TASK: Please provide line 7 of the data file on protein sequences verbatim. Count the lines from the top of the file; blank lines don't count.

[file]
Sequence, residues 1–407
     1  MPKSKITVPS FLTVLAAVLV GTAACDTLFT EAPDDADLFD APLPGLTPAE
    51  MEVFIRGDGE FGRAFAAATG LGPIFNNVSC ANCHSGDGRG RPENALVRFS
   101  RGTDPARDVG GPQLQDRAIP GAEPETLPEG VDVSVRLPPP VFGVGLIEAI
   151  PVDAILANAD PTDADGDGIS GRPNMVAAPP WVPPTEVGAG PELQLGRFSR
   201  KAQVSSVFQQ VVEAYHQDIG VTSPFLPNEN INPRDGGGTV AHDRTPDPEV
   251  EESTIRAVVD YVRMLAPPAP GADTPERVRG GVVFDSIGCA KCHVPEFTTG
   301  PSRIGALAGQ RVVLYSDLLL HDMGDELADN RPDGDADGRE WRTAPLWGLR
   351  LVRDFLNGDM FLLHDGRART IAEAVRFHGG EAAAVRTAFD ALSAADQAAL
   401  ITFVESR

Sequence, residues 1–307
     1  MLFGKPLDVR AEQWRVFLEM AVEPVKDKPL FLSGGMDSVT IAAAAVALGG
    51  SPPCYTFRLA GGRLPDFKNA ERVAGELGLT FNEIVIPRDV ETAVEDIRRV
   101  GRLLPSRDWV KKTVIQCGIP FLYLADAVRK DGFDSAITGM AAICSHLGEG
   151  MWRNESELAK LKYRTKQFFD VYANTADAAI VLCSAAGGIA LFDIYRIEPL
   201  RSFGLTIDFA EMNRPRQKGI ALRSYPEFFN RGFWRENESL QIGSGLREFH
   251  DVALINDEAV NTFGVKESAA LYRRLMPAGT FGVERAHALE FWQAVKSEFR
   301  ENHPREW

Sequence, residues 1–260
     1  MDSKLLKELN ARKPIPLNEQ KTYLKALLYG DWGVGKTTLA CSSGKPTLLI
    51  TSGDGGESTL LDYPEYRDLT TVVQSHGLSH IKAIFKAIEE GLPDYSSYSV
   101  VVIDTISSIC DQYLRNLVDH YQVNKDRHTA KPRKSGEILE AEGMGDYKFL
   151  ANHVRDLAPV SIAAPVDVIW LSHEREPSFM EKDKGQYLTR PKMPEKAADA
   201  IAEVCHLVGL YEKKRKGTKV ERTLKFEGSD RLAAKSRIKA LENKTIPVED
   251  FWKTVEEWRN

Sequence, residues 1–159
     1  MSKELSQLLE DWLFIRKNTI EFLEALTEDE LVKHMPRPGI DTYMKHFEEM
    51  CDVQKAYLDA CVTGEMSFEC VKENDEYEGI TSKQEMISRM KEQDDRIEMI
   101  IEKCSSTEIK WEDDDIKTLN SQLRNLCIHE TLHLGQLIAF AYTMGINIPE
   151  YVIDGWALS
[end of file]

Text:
   251  EESTIRAVVD YVRMLAPPAP GADTPERVRG GVVFDSIGCA KCHVPEFTTG